Excessively rapid speaking, tearing and raving into utter rant, is quite as inexcusable; it is not, and never can be powerful, except with idiots, for it turns what should be an army of words into a mob, and most effectually drowns the sense in floods of sound. Occasionally, one hears an infuriated orator of indistinct utterance, whose impetuosity hurries him on to such a confusion of sounds, that at a little distance one is reminded of Lucan’s lines: — Her gabbling tongue a muttering tone confounds, Discordant and unlike to human sounds; It seem’d of dogs the bark, of wolves the howl, The doleful screeching of the midnight owl; The hiss of snakes, the hungry lion’s roar, The bound of billows beating on the shore; The groan of winds among the leafy wood, And burst of thunder from the rending cloud!

    Twas these, all these in one.” It is an infliction, not to be endured twice, to hear a brother, who mistakes perspiration for inspiration, tear along like a wild horse with a hornet in its ear till he has no more wind, and must needs pause to pump his lungs full again; a repetition of this indecency several times in a sermon is not uncommon, but is most painful. Pause soon enough to prevent that “hough, hough,” which rather creates pity for the breathless orator than sympathy with the subject in hand. Your audience ought not to know that you breathe at all — the process of respiration should be as unobserved as the circulation of the blood. It is indecent to let the mere animal function of breathing cause any hiatus in your discourse. Do not as a rule exert your voice to the utmost in ordinary preaching.

    Two or three earnest men, now present, are tearing themselves to pieces by needless bawling; their poor lungs are irritated, and their larynx inflamed by boisterous shouting, from which they seem unable to refrain. Now it is all very well to “Cry aloud and spare not,” but “Do thyself no harm” is apostolical advice. When persons can hear you with half the amount of voice, it is as well to save the superfluous force for times when it may be wanted. “Waste not, want not” may apply here as well as elsewhere. Be a little economical with that enormous volume of sound. Do not give your hearers head-aches when you mean to give them heart-aches: you aim to keep them from sleeping in their pews, but remember that it is not needful to burst the drums of their ears. “The Lord is not in the wind.” Thunder is not lightning. Men do not hear in proportion to the noise created; in fact, too much noise stuns the ear, creates reverberations and echoes, and effectually injures the power of your sermons. Adapt your voice to your audience; when twenty thousand are before you, draw out the stops and give the full peal, but not in a room which will only hold a score or two.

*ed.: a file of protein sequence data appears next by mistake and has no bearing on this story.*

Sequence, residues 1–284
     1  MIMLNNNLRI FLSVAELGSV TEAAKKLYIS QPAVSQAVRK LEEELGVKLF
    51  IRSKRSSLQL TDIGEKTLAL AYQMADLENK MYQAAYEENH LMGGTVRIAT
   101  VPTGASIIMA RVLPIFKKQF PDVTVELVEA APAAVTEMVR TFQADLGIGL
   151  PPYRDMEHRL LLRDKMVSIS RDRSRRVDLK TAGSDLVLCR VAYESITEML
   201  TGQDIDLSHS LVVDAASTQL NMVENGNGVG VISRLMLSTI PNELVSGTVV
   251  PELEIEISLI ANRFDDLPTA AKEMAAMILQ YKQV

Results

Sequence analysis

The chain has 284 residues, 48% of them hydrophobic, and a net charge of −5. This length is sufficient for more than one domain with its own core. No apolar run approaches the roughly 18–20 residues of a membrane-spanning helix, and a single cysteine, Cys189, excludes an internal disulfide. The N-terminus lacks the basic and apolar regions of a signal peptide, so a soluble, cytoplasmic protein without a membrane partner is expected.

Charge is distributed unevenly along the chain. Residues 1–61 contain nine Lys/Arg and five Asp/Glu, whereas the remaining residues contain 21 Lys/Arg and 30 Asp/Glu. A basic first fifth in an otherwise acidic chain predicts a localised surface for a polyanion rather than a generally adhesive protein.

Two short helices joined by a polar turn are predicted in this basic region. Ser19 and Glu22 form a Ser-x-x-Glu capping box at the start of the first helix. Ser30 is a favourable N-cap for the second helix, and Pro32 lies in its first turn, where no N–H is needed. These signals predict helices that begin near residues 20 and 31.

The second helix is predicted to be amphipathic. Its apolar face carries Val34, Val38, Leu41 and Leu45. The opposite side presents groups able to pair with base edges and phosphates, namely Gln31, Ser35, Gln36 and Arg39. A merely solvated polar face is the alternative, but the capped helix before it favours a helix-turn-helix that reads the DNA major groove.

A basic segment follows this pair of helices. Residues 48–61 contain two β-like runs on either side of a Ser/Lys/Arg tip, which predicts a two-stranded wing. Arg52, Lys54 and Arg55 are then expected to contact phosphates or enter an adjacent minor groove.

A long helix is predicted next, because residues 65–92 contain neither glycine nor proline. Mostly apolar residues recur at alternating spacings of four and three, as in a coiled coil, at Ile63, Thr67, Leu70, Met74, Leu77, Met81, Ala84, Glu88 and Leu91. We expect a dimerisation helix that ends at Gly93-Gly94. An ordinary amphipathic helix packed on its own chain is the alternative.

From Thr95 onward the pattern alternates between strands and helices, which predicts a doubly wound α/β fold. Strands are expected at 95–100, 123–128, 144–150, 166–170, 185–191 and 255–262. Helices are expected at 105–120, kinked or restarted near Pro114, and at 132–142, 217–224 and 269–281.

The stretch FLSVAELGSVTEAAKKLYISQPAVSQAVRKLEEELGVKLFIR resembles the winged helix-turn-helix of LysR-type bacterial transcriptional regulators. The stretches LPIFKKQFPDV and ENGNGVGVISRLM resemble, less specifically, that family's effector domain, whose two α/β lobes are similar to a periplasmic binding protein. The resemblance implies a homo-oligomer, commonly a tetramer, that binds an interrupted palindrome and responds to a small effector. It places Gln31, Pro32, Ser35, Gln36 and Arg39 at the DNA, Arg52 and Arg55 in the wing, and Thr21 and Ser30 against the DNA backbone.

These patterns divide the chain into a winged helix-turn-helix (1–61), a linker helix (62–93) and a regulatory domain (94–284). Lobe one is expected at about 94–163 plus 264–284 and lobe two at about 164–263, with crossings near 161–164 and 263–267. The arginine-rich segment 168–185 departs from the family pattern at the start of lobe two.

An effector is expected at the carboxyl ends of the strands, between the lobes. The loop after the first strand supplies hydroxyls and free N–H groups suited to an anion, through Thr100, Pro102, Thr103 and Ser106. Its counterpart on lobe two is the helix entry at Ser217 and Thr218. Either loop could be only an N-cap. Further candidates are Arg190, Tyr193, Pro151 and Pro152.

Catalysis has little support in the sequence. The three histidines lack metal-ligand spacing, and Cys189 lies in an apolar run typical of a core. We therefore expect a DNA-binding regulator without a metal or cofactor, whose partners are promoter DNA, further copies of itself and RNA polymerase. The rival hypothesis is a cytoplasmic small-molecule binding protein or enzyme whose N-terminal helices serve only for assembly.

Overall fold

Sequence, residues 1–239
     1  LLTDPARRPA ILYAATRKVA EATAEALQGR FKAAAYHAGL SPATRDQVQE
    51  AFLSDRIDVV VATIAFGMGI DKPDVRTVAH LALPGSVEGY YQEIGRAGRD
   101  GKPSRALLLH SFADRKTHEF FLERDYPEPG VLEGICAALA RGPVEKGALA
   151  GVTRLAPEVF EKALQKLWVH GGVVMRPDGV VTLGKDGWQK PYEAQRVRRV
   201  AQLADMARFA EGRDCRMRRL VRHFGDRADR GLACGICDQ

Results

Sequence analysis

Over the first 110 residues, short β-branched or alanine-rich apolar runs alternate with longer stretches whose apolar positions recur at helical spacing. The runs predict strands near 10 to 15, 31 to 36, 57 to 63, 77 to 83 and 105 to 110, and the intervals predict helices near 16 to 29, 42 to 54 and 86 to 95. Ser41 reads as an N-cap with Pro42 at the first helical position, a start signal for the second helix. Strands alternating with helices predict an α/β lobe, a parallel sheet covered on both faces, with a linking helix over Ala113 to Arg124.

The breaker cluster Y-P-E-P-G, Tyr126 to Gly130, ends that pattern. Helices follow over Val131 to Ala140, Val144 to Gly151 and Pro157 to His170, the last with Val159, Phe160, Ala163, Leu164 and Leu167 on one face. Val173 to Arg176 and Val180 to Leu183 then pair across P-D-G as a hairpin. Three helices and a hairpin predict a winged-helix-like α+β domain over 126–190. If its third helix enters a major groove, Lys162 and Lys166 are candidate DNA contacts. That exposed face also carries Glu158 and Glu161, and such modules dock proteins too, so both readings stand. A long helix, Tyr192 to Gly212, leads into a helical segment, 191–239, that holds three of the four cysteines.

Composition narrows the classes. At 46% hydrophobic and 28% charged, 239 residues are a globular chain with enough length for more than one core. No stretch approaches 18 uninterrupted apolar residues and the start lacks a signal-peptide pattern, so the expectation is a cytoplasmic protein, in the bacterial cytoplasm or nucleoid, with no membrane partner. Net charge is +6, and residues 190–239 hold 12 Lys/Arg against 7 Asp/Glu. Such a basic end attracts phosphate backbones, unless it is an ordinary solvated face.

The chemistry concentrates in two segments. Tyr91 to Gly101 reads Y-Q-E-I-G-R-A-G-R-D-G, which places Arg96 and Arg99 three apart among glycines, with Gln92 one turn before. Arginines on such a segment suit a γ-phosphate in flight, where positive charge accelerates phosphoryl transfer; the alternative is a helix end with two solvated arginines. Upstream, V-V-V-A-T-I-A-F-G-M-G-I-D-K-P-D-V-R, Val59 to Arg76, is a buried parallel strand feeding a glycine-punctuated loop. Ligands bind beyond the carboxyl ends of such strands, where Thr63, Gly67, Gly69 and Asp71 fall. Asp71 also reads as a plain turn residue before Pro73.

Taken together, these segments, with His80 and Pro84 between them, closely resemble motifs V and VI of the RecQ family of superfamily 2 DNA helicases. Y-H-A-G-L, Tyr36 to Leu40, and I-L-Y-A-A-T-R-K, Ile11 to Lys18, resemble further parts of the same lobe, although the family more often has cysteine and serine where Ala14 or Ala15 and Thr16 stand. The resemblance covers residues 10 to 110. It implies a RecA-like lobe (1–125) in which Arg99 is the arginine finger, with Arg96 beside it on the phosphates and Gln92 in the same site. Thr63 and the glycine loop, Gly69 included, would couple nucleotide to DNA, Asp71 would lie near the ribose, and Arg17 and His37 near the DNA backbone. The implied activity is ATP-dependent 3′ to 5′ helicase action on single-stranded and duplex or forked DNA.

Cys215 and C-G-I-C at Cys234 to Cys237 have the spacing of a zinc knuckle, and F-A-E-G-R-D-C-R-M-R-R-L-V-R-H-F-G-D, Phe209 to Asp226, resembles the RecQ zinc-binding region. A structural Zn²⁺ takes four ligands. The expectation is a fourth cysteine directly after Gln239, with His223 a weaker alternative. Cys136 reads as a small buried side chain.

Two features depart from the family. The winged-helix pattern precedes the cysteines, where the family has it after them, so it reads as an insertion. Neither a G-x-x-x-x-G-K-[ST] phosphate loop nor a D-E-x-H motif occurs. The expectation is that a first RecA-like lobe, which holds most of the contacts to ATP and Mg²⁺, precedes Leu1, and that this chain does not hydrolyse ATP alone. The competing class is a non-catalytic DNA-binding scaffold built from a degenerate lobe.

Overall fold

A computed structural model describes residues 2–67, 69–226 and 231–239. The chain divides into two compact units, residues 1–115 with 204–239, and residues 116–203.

Whenever I enter a place to preach, I unconsciously calculate how much sound is needed to fill it, and after a few sentences my key is pitched. If you can make the man at the end of the chapel hear, if you can see that he is catching your thought, you may be sure that those nearer can hear you, and no more force is needed, perhaps a little less will do-watch and see.

    Why speak so as to be heard in the street when there is nobody there who is listening to you? Whether in doors or out, see that the most remote hearers can follow you, and that will be sufficient. By the way, I may observe, that brethren should, out of mercy to the weak, always attend carefully to the force of their voices in sick rooms, and in congregations where some are known to be very infirm. It is a cruel thing to sit down by a sick man’s bed-side, and shout out “THE LORD IS MY SHEPHERD.” If you act so thoughtlessly, the poor man will say as soon as you are down stairs, “Dear me! how my head aches. I am glad the good man is gone, Mary; that is a very precious Psalm and so quiet like, but he read it out like thunder and lightning, and almost stunned me!” Recollect, you younger and unmarried men, that soft whispers will suit the invalid better than roll of drum and culverin.